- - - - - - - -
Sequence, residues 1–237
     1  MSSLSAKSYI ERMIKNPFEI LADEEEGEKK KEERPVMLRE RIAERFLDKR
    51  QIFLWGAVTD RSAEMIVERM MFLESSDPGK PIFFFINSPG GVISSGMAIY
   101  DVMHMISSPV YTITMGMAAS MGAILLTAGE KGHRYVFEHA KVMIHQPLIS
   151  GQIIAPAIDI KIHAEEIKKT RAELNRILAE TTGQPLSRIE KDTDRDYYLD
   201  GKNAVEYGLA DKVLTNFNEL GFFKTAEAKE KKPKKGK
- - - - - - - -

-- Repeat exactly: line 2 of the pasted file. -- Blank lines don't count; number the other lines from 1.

     1  MSSLSAKSYI ERMIKNPFEI LADEEEGEKK KEERPVMLRE RIAERFLDKR